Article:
Beans – they come in many varieties, such as kidney beans, pole beans, bush beans etc. They are rich in fiber, vitamin A, vitamin C, potassium, and Calcium. Pole beans require steak firmly planted in the ground, on which the plant can grapple and grow. Their grow cycle is shorter than that of the bush beans and the yield production is better as well. It’s easy to grow and staggering the plant will give continuous yields.

Carrots – there are very easy to grow and prefer cooler weather. So the best time for planting would be during fall, winter or early spring. They’re rich in vitamin A and beta-carotene, which is excellent anti-oxidant which does wander for your eyesight, skin or hair.

Garlic and Onions – they’re a very rich source vitamin B6, vitamin C, potassium, dietary fiber and folic acid (folate). They’re best planted in mid or late October and can be pulled early in case you’re eager to have green onions or garlic.

Cucumbers – they come in all shapes and sizes, with many varieties to choose from. You can pick whatever you like, from large to small ones (which are excellent for pickling). They are very nutritious, as they are loaded with vitamin A, vitamin C, vitamin K, and potassium. They are a crop for warm weather and if you pick them regularly, you’ll get increased production.

Lettuce – not only will it be easy to plant and grow, but is also one of the earliest harvests you’ll get. It’s best if you plant it somewhere at 6 – 8 before the first frost date for optimum results. It grows quickly and you can pick it partially simply by choosing a few leaves at a time. The nutritional content differs in case of variety, but mostly all contain proteins, vitamin A, vitamin B6, vitamin C, calcium, potassium, folic acid, and iron.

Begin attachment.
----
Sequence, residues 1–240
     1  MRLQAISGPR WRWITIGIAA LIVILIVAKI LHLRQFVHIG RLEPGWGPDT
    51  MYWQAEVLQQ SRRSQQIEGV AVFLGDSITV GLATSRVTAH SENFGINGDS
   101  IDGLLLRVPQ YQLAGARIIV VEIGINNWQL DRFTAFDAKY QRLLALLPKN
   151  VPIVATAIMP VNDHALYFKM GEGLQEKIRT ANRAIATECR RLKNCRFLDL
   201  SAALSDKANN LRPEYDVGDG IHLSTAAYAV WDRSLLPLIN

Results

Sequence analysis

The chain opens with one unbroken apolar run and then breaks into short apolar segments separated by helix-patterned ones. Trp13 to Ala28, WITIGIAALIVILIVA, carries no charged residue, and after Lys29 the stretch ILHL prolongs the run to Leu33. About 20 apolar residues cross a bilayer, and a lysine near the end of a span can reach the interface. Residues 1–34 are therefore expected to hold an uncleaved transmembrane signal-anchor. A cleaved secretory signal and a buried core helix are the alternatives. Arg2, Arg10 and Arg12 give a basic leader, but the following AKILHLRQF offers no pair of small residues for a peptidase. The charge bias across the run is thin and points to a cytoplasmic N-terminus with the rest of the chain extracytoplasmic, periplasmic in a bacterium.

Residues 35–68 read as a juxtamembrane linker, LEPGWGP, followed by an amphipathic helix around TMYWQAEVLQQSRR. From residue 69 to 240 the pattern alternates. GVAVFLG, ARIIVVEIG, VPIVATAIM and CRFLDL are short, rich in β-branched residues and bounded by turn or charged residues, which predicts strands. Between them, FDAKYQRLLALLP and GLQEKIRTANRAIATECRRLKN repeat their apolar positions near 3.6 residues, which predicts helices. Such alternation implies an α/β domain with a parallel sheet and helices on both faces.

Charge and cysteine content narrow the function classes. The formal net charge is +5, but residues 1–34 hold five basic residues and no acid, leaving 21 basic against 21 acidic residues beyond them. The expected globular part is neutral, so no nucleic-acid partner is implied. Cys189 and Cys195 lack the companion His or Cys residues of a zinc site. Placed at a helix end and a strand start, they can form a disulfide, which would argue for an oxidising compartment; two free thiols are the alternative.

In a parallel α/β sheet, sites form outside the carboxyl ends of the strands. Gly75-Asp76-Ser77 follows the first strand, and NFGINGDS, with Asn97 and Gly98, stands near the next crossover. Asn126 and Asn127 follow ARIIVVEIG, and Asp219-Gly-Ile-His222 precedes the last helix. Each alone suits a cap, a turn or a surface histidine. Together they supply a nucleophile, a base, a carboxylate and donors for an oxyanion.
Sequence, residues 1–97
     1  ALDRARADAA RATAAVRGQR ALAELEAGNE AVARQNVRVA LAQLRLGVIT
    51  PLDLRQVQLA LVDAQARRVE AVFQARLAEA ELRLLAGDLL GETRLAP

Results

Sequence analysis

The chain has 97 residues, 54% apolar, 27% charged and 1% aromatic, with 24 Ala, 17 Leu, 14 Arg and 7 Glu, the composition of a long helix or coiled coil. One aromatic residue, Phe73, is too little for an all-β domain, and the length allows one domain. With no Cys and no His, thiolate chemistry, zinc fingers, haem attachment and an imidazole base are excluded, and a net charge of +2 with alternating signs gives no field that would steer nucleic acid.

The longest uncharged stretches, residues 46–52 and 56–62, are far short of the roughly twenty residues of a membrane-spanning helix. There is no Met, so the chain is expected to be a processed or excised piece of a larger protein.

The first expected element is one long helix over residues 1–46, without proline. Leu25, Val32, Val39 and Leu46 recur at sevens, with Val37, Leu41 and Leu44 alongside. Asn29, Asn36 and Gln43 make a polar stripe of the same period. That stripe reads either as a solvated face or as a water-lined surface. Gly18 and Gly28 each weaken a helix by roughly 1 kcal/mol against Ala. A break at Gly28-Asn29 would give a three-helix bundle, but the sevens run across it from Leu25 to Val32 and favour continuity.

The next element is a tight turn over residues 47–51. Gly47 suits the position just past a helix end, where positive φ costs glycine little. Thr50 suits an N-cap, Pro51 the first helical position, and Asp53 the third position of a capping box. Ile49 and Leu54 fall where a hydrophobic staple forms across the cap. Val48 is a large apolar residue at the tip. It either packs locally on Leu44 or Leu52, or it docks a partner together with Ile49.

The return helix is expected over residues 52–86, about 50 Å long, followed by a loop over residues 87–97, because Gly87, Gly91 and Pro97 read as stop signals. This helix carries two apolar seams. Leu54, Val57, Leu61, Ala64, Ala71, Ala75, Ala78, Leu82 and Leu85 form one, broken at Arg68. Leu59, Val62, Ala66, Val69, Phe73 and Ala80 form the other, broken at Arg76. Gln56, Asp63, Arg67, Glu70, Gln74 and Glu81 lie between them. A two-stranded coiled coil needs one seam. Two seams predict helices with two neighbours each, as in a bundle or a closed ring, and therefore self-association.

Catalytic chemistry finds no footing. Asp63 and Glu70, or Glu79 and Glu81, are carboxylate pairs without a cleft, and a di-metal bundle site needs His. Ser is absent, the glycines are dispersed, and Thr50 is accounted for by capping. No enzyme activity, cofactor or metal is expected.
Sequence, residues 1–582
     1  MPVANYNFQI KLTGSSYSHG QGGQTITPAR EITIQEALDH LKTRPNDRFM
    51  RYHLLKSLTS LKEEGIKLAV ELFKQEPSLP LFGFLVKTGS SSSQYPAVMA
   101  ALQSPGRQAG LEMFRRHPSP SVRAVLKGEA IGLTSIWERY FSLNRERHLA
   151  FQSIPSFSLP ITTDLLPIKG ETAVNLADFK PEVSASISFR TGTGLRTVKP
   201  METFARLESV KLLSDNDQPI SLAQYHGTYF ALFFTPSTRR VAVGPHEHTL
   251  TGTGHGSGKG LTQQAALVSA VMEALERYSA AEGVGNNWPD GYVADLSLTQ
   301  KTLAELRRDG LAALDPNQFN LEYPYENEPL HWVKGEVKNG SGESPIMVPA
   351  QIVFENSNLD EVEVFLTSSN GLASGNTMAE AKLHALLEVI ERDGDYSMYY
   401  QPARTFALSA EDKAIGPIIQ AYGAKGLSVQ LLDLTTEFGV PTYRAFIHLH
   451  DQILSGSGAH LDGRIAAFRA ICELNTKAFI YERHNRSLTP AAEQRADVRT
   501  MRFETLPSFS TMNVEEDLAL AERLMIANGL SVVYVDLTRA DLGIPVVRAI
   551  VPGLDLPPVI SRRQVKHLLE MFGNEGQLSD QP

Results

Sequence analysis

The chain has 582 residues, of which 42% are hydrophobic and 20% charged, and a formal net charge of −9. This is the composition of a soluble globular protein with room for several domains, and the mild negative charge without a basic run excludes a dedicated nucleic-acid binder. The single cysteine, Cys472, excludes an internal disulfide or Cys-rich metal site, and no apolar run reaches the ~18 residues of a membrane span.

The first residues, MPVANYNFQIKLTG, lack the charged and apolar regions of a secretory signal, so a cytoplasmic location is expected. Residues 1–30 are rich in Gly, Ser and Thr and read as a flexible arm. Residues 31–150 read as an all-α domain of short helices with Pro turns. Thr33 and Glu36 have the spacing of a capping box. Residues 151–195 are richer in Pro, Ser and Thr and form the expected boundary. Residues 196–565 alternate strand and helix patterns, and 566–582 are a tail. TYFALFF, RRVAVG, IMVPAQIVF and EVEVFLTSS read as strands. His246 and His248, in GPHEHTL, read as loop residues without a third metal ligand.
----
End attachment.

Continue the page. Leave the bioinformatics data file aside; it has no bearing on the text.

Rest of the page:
Eggplants – it’s one of the most versatile vegetables when it comes to cooking, as it offers a lot of possibilities. It’s a warm weather plant and doesn’t do well during winter. So you should wait after the last frost is over in order to plant it. It’s high in fiber, vitamin B1, vitamin B6, and anti-oxidants.

Broccoli – it’s a plant that grows rather easily. It’s usually planted mid to late summer and by the time fall is upon us, you’ll have your first broccoli harvest. It has, however, the tendency to give yields even after the first harvest. It can withstand mild frost, but won’t survive a harsher climate. A far as nutrients go, it’s most commonly packed with vitamin A, vitamin K, and protein.

Cauliflower – it’s a cool season vegetable, resistant to low temperatures. It’s quite fast to grow and gives extremely rich yields. It’s very nutritious and can be very versatile when it comes to cooking. It’s packed with vitamin C, vitamin K, and dietary fibers.

Turnips – the seeds are best sown in late may, but if you get caught in doing anything else and forget, early summer will do just fine. They’re easy to manage, as they’re very resilient to plant diseases. It’s very versatile too, as you can eat the whole plant, green and root alike. They contain calcium, vitamin B6, vitamin C, and iron.

This list is a must for your very own garden, the plants that no survival enthusiast should go without during a crisis. Remember what I said before: take your time and practice, because it’s unlikely you’ll be successful right away. But once you get the hang of it, you and those close to you won’t go hungry a day in case SHTF. So get going, get your hands dirty and you’ll pick the fruit of your labor in no time… literally!

By My Family Survival Plan

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15 Essential Crops To Have In Your Survival Garden
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4 Hobbies Any Survivalist Should Have

4 Hobbies Any Survivalist Should Have

I know some of you might think “isn’t prepping already a great hobby?” and “where in the world to find that extra time for other hobbies?”. My answers to you are: